Sue Robb of 4Children talks to Julie Laughton and Alison Britton from the Department for Education about the role of childminders in delivering the 30 hours free entitlement.
Changes in non-residential care charges
A review of charging for non-residential care services has been approved by Lancashire County Council’s cabinet.
An eight-week consultation which gives people the opportunity to share their views about the changes will be announced shortly. Once completed, the results will be considered before the new way of charging is introduced in April 2018.
These charges were last reviewed in 2011.
Non-residential care services support people with disabilities and elderly people to live as independently as possible in their community. The services include: home care, outreach services, day care, direct payment and personal budget services, supported living, and the Shared Lives Scheme.
The proposed charging policy calculates how much people may need to pay towards their non-residential care based on a comprehensive financial assessment.
In line with the current policy and legislation, people will only be charged for non-residential care according to their assessed ability to pay. Currently over 51 per cent of people receiving non-residential adult care services are either assessed as not having to pay, are funded by the NHS or are exempt under the Mental Health Act.
Revising the charing policy for all non-residential care services will help to ensure the county council can cover the costs of providing them in the future by generating an extra £2.9 million per year.
Graham Gooch, cabinet member for adult and community services, said: “The rates we currently charge people are based on 2011 figures and since that time costs have risen by over 14 per cent. Given the county council's current financial position this situation can't continue.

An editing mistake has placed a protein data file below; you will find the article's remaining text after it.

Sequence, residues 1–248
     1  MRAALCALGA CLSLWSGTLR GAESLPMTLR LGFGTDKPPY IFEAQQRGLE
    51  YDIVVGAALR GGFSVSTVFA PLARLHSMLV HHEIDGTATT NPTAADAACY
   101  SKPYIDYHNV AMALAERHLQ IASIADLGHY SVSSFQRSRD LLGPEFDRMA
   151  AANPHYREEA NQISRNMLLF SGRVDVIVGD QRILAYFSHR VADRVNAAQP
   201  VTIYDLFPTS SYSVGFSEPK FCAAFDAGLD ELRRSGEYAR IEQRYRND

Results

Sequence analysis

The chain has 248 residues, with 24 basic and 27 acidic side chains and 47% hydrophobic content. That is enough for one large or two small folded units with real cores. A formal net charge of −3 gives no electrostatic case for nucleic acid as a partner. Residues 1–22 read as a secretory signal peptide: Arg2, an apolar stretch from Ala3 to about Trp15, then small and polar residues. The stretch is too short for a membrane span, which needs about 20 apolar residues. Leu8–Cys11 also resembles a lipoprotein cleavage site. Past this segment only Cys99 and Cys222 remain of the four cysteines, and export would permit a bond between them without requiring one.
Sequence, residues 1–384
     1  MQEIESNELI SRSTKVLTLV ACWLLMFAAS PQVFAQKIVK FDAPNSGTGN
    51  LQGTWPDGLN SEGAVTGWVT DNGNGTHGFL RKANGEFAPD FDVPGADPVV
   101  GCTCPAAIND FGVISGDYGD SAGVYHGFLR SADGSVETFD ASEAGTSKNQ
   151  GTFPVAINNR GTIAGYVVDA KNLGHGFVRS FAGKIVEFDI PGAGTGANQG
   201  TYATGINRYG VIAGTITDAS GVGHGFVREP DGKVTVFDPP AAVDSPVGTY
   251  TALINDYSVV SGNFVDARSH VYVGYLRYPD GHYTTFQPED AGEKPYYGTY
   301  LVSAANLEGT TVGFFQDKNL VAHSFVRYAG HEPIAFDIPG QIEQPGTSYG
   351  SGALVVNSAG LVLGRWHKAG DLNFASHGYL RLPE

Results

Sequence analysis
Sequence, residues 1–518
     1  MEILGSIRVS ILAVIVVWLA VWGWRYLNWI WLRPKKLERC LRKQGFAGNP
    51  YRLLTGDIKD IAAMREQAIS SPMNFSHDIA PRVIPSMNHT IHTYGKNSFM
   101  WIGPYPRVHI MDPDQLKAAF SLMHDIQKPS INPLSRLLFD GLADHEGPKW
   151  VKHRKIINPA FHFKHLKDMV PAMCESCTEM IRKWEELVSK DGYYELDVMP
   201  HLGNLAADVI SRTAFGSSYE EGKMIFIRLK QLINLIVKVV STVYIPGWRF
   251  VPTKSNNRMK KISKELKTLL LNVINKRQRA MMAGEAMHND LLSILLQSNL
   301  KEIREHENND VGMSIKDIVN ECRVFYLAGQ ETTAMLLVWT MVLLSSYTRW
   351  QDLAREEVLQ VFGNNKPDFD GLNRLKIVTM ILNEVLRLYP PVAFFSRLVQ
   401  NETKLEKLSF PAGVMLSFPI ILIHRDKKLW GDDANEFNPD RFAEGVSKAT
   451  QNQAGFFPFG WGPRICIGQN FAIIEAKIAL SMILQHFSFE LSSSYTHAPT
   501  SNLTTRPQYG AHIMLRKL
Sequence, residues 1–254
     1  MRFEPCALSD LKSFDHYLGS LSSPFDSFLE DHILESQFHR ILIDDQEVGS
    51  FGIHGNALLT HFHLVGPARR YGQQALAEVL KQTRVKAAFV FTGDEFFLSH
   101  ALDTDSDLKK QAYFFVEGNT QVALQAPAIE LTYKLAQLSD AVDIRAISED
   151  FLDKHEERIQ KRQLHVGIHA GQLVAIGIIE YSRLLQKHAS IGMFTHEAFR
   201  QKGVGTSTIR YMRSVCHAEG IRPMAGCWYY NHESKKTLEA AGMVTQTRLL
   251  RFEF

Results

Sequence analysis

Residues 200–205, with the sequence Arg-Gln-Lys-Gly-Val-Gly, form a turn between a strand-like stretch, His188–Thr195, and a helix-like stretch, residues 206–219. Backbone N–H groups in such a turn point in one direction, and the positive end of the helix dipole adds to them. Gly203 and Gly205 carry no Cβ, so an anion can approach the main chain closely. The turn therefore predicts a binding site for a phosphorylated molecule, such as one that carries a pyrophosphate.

"Under these proposals, as with our current policy, people would only be charged according to their ability to pay for their non-residential care.
"Inevitably some people would have to pay more, but most people would not see a significant increase in care costs.
"Of the 5,694 people paying for non-residential care services, 92 per cent would see an increase in care charges of less than £20 per week. For more than 4,000 people, this increase would be less than £10 a week.
"It's crucial that the system is fair and as part of the ongoing financial assessment process, we already include a free check to ensure people are claiming all the benefits they are entitled to. This will continue under the revised scheme.
"The proposed charging policy is consistent with those introduced by other councils across the country and is in line with the guidelines set out by central government in The Care Act 2014.
“We need to change the way we charge for these services, so that we can continue to provide them in the future.”